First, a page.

And yet, encryption still isn't a requirement, it's an addressable element of HIPAA. We've come a long way in a short time, but we have to do better. We're looking at organizations that have virtually no digital technology to very advanced organizations. You have to raise the bar for everyone, but you're going to have to do that a little more slowly to get everyone to that same level before you can really start doing what you need to do.
On the other hand, too much regulation can have an adverse effect. You have federal requirements. You may have state requirements that are stricter or conflict with federal law. And if you're a multi-state provider, you may have conflicts across the state laws you're trying to comply with. So the regulatory area can get pretty complex, and you have to take that into account.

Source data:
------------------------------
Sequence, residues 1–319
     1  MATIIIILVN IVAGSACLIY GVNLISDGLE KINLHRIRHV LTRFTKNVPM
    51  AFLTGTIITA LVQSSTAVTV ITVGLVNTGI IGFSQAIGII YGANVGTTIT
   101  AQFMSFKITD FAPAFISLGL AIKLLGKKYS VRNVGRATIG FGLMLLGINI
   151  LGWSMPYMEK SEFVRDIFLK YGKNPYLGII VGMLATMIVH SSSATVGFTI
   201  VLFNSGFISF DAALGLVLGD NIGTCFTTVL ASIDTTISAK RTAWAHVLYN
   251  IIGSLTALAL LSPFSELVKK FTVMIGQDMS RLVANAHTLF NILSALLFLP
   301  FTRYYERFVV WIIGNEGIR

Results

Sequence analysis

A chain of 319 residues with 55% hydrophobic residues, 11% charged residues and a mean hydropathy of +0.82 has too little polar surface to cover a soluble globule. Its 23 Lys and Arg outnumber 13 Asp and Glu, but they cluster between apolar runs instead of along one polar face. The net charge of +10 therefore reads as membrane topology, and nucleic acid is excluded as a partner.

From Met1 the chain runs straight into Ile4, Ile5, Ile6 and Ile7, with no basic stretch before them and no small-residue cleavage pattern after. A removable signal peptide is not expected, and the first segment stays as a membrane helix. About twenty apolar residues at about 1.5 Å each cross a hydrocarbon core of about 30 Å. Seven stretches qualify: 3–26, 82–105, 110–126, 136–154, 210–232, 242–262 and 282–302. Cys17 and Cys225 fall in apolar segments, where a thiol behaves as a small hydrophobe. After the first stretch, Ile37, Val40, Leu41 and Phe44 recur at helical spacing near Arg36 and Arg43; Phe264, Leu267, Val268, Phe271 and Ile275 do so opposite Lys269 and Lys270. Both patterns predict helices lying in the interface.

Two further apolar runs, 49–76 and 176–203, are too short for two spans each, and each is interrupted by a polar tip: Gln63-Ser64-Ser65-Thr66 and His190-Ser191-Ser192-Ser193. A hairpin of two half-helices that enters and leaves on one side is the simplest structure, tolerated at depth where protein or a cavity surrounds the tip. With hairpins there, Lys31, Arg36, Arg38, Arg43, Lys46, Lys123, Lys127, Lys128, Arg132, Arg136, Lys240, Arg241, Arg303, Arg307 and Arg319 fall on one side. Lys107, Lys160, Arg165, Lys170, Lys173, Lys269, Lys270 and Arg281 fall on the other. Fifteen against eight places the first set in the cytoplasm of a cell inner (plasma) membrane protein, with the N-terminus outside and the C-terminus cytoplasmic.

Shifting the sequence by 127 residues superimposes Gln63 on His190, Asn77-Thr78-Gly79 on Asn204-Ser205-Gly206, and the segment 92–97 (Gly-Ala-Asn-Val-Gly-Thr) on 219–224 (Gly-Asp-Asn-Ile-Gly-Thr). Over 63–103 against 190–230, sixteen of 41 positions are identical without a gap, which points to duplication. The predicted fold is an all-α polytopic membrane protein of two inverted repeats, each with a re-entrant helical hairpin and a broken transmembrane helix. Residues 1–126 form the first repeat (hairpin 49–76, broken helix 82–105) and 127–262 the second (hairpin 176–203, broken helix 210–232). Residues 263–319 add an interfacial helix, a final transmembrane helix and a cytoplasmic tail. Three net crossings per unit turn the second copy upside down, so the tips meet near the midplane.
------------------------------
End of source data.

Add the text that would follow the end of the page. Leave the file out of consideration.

And then as we move to the EMR, a provider's ability to keep seeing and treating patients is only as good as the ability to access the EMR and other clinical systems. Disaster recovery and business continuity isn't an option anymore. It has to be designed and built into these systems at the front end before you're up and running and then having a catastrophe. Emergency procedures are required under HIPAA and the joint commission, but they're so vague that they're really less than helpful unless you've already done something and have things in place. They're really guidance, not rules. The good news is we have more technology, better technology, to help with those problems. But the bad news is that typically IT is looked to for business continuity. IT may own the disaster recovery piece of an IT outage, but the key word in business continuity is business. I can assure you that a storage manager can't tell you what a doctor needs in order to keep seeing patients in a clinic if the PACS (Picture Archiving and Communication System) is down, but he might be able to get you access to any images or reports in the cloud if you've planned right, in advance and engaged the business in the business impact analysis and finding solutions. And the solutions have to address short term, midterm and long term outages.